been tough to deal with on the set?
BROSNAN: I don't think so.
Not consistently. I have my days, and as I get older I have more days.
You bark or you snap at times. But ultimately I've tried to please, which
is one of my downfalls and weaknesses. I try to please them, to be liked,
accepted. I've never had unpleasantness with anyone. I don't allow it to
happen. I'd rather nip it in the bud. That stuff usually comes from insecurity.
You just let it rage, burn out. And you kill it with kindness, talk to
it, try to understand it, then leave it alone.
How about George Lazenby, who played 007 in On Her Majesty's Secret
Service? He once said about you, "If he walked into a room, I doubt
anyone would look up. But this is the 1990s, and women want a man who shows
his feminine side. Pierce definitely has that."
BROSNAN: George is just an
angry, old, pissed-off guy. He was never an actor but some pissed-off Aussie
who doesn't know how to show his feminine side. I met him, and he's got
that kind of brittle edge to him. People want to take swipes. I have no
PLAYBOY: Whom would
you choose as the next 007?
BROSNAN: Clive Owen would
have been a very strong contender. He's a good actor, but why would he
want to do it? He has a glorious career going. He's done some very fine
work and survived King Arthur.
PLAYBOY: In your new
movie, The Matador, you play a hilariously troubled hit man who
hooks up with a beaten-down businessman in a Mexico City bar. In some ways,
do you view the character as an antidote to James Bond?
BROSNAN: When the fuckers
try to hem you in with Bond, it's great to come back with The Matador.
It's great to say, "Fuck you, asshole. Fuck you, who wouldn't give me a
job. Fuck you, who thought I was some wuss. Fuck you, who thought I was
a pretty boy. Fuck you, who thought anything of me without even knowing
me or giving me the chance. Fuck you." But if you go around with all that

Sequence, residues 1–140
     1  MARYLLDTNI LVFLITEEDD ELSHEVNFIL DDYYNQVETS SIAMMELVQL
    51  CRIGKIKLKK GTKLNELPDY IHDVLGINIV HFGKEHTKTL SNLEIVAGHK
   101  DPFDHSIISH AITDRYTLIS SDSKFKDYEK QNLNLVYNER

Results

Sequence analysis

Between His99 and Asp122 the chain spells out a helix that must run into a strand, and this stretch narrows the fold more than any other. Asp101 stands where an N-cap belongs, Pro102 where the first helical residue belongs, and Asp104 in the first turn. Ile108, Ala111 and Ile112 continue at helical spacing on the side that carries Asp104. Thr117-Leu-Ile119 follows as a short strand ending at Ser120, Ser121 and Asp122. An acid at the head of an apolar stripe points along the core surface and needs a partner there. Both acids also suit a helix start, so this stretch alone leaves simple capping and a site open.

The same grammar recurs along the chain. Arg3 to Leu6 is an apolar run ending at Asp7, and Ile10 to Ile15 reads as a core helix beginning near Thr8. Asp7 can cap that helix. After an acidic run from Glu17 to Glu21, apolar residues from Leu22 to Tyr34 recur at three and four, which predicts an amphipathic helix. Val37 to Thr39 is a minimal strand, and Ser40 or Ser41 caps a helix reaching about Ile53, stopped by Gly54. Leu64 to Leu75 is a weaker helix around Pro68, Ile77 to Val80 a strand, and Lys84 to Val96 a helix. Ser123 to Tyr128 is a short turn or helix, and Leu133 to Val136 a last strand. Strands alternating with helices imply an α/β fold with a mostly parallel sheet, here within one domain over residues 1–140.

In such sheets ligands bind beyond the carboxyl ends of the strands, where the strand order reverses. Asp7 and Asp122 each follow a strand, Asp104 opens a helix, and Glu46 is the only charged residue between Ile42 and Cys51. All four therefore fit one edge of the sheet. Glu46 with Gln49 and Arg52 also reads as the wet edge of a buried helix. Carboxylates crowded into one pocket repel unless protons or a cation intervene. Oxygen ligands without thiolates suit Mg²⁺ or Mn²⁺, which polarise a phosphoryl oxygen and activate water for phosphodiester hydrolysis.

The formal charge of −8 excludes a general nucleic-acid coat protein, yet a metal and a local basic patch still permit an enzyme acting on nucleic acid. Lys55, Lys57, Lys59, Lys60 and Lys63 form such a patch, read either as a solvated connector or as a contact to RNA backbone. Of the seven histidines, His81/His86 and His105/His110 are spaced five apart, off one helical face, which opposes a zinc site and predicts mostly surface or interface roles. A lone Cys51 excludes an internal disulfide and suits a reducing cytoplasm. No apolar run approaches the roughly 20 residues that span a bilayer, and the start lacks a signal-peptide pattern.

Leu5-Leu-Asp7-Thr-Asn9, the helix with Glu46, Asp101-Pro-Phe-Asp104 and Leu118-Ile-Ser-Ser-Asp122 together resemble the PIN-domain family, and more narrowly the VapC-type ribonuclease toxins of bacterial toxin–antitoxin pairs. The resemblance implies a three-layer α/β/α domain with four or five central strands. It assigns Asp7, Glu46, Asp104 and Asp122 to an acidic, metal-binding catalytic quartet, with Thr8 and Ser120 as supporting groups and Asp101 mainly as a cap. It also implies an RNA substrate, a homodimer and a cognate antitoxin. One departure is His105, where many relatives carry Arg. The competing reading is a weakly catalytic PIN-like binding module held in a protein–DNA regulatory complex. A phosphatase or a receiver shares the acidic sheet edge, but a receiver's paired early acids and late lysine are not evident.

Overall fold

inside you all the time, you end up completely mangled, so you have to
let it go.
PLAYBOY: In the movie
you strut around swilling beer in nothing but a Speedo and boots. You look
like a rock star gone to hell. You're funny but also desperate and sad.
BROSNAN: This script just
made me howl because it's so over-the-top outrageous. The way I'm perceived,
the box I find myself in—the corner into which I've painted myself—made
it seem like a great idea. The character is a sad fuckup of a fellow who
has just shagged his way through life. He loves to blow the shit out of
people and is paid good money to do it. But he's just a lonely guy and
a great vulgarian.
In one scene, you borrow nail polish from a woman you've just had sex with
and paint your toenails black. How strange was that?
BROSNAN: I just thought it
was a great image. It's never explained. Does he do that all the time,
or has he done it before? He's slightly mental. The writing was so clever
and snappy. It was great because it wasn't tailored to me. If you have
too many things tailored to you, you don't have any room to grow as an
actor. You just play it safe the whole time instead of playing a character.
PLAYBOY: Did you ever
worry that you were going too far with it?
BROSNAN: I actually got cold
feet about the whole thing and said, "I can't do it. It's just too out
there," because of the sexuality and some of the stuff that would be coming
out of my mouth. I like the ambiguity of not knowing which way he swings.
He likes the whole world—pussy, blow jobs, animals, you name it—but some
of the references in the script made me think, You know, you don't want
to turn the audience off. You want them to have sympathy for this character.
So we toned it down.
PLAYBOY: Even toned
down, you're probably going to freak out your fans who think of you only
as the debonair Bond.
BROSNAN: [Laughs] Yeah. And
I grew this strange kind of Village People mustache and had this buzzed
haircut. When I did the scene walking through the hotel in a Speedo and